A Soldier’s Death – A Leader’s Challenge
I was a young Specialist standing guard in a small platoon outpost in Al-Karmah, Iraq in 2007 when time stopped. Dust particles froze mid-drift through the air. My breath caught in my lungs. For an endless moment, there was no sound, no sensation, no movement. Then…noise, flash, the crash of debris colliding with my tower. The flow of time resumed and I, emerging from my tower, saw my platoon mate, bloodied, dragging his maimed buddy to cover. Additional rounds walked across our outpost, leaving angry clouds of dust swirling in the summer heat. Afterward, I learned that SPC Clifford Spohn had died under the first round.
Spohn was not the first to die in my company on this deployment, nor was he the last. He was the one I knew best though, and the only one in my platoon. Our platoon was furious. We seethed, breathing murder at every living thing in the town around us. We were a bomb, set to explode indiscriminately at any provocation.
Our platoon leader, CPT Caleb Curlin, was a wise man. He did not attempt to pacify us. Instead, he gathered us and honored our fallen comrade, first with words, then with a rifle salute. He bade us honor Spohn in life as he had honored us with his service and his death. Then he sent us back to work.
A week later we received a large, complex attack. We repelled it, killing over twenty enemy fighters and taking only minor casualties. Our outpost was partially destroyed, and as we set about rebuilding it our battalion commander and sergeant major made the perilous trip to visit us. I encountered our sergeant major, CSM Pumarejo, as I ascended the stairs to assume my customary position in Tower 1. He asked me where the round impacted that killed Spohn. I pointed to it. Something unspoken passed between us in his glance, a poignant acknowledgment of loss from senior leader to junior Soldier. I cannot describe it, but it was powerful. It was honoring, in sorrow, the passing of a good man.
A Soldier’s death is a direct leadership challenge, for it cannot be ignored or left unacknowledged. Whether by enemy fire, accident, or suicide, a Soldier’s death rocks a unit. There are many things a leader can choose to say at this delicate time. I have seen leaders focus on preventing the next death, often by policy dictate or training. Sometimes they focus on the Soldier’s family. Frequently they initiate investigations to fully understand the circumstances leading to the Soldier’s death. These actions are all appropriate and often valuable. But for the deceased Soldier’s comrades, they miss the point.
A cohesive unit, especially one regularly engaged in combat operations, is held together by the common esteem with which its members regard one another. Soldiers strive to find and then maintain, a place of respect and value relative to their peers. They find this respect both in receiving the admiration of their comrades and in returning it where merited. For to have one’s respect valued by the recipient is, in itself, a further sign of their respect for you. The social ecosystem of any high-performing military unit can be largely understood in this way. It is all about earning and appropriately returning, respect.
The death of a Soldier requires that acknowledgment be paid to this fundamental need of respect. The final act of the platoon towards its departed member must be an act of respect, of honoring the Soldier for who he was and, more importantly, what he represented to his comrades. In so doing the leader enables the unit to collectively provide the most valuable thing they have to their departed friend – their respect. CPT Curlin knew this, I believe, when he spoke to us about Spohn’s selfless service, his goodness in having recently adopted a child, his general decency as a human being, his fitness as a warfighter. Likewise CSM Pumarejo in his inexpressible look when he addressed me outside my tower. For we who remained no more was necessary than simply knowing that our comrade was honored appropriately by those in authority.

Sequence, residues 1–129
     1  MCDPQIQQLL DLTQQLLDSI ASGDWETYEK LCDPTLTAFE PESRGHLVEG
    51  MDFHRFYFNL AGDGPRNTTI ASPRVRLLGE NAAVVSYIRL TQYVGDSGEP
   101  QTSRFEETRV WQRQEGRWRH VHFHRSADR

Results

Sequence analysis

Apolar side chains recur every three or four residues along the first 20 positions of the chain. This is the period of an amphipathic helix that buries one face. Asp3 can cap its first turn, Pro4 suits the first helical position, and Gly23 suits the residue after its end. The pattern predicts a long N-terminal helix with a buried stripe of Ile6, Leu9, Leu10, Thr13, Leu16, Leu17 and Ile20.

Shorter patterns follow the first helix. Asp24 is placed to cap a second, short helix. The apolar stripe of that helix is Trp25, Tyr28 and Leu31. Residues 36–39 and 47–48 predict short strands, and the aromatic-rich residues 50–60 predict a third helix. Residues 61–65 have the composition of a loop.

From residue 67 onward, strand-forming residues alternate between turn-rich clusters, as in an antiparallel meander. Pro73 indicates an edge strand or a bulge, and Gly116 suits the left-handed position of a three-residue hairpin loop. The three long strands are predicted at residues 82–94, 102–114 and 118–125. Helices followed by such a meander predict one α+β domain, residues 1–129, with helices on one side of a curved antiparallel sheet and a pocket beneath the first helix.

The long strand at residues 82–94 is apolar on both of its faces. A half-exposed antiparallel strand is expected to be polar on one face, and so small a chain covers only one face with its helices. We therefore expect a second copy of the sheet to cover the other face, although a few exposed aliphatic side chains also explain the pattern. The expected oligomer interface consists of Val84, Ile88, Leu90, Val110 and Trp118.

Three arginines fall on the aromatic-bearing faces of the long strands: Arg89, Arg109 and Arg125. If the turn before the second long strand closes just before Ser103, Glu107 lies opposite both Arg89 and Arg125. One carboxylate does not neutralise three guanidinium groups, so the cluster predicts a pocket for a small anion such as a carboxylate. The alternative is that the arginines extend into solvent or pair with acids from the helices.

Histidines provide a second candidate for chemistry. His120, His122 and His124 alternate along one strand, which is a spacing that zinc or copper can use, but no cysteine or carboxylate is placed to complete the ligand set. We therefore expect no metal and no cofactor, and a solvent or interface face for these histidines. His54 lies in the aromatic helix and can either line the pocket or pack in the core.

There is more value in this than simply placating the grief of young Soldiers, important though that is. That grief, undirected or misdirected, easily becomes the sort of murderous rage from which the atrocities of My Lai and Mahmudiyah were born. To neglect it is the grossest kind of dereliction of duty, and incitement to innocent bloodshed during wartime. My platoon and I could easily have descended this dark path were it not for the simple acknowledgment that our leaders gave in the aftermath of our comrade’s death.
Young leader, I assure you of this – if you remain long in the service of your country you will have to deal with the death of a Soldier. The death need not happen in your platoon or company – a single suicide can easily impact an entire battalion. When it happens, your main responsibility is to honor the fallen Soldier. Your Soldiers do not want or need a safety brief, lecture, or sensing session. They need only know that their comrade’s life and service were valued. This can be accomplished in many ways – the important thing is that it’s sincere. Once complete, return to the business at hand. There is no need to dwell on the past. Your Soldiers are no fools. They know that the profession of arms can be perilous. But they will endure anything to gain the approval of their comrades, even unto death.
CPT James Tollefson enlisted in the U.S. Army in 2004 and subsequently served during the surges in Iraq (2006-2007) and Afghanistan (2009-2010). He subsequently joined the Alaska Army National Guard, earned a commission as an Infantry Officer, and currently serves as the S-4 for 1st Battalion 297th Infantry Regiment.